'40 Act hedge fund compliance costs could mean slow near-term growth, says KPMG
The ’40 Act hedge fund space will grow slowly in the near term due to the operational and compliance costs associated with chasing retail investors, although this could change over the next decade, a senior executive at KPMG has said.
“We are not seeing massive growth in the ‘40 Act hedge fund space at the moment but there is increasing interest. The cost of setting up a ’40 Act hedge fund is not insignificant, but I believe in the longer term these vehicles will blossom,” said Robert Mirsky, global head of hedge funds at KPMG in London.
Service providers have been bullish on 40 ‘Act hedge funds. Citi Prime Finance predicted $939 billion of the $12.8 trillion in retail assets would flow into what it dubbed liquid alternatives by 2017, while McKinsey & Co pointed out retail alternatives as an asset class had grown by 21% annually since 2005 and currently managed around $700 billion. A report by SEI highlighted assets in US alternative mutual funds and exchange traded funds (ETFs) had more than doubled since 2008, standing roughly at $554 billion.
While the distribution benefits are hard to falter, regulated alternatives such as 40 Act Hedge Funds are subject to onerous restrictions. The absence of leverage (capped at 33% of gross assets), lack of performance fees (with a management fee of between 70 bps and 1%), restrictions on investing in illiquid assets (capped at 15% of AuM), rigorous corporate governance standards and mandatory third party custody will all lead to higher compliance costs, at a time when profits are rapidly receding.
“The biggest dis-incentives for establishing a retail hedge fund are the cost factors, investment restrictions and lower management fees. It generally does not make economic sense for a sub $1 billion manager to build a ’40 Act hedge fund product. Furthermore, establishing a ’40 Act hedge fund could prove a distraction for the manager to running their flagship fund. This means ’40 Act hedge funds will be the preserve of the larger managers for the time being. I believe in less than 10 years, ’40 Act hedge funds will be mainstream but managers have to first educate retail investors about the benefits of regulated alternatives,” commented Mirsky.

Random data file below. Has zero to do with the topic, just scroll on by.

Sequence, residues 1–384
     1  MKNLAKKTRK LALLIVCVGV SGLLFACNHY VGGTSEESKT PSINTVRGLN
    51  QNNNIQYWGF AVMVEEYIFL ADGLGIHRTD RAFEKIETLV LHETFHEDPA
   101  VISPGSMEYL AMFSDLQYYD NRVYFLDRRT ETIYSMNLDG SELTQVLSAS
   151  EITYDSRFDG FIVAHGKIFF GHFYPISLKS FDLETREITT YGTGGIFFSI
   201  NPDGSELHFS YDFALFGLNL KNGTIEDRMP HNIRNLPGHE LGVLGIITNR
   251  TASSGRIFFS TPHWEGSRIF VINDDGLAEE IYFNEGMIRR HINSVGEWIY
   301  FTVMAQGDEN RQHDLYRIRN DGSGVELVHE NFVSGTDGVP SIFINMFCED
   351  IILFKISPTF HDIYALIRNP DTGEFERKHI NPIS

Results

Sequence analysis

One of the key investor targets among managers running regulated alternatives is the DC plan market, said SEI. Sixty per-cent of the DC plan market’s $5.1 trillion in assets are in mutual funds, and this investor class has historically been averse to alternatives. Nonetheless, some plan sponsors are becoming bolder and are increasingly investing in real-estate, inflation protected Treasuries and commodities in search of greater yield. Access to retail clients via brokerage platforms would also help managers bolster their asset base.
Several brand name private equity and hedge funds, most notably AQR, Blackstone and Apollo Global Management have recognised these potential opportunities, and have developed alternatives vehicles aimed at retail, with minimum investments as low as $2,500 in some cases. AQR has been one of the biggest enthusiasts for retail alternatives, having launched 20 mutual funds which are now running $9.2 billion.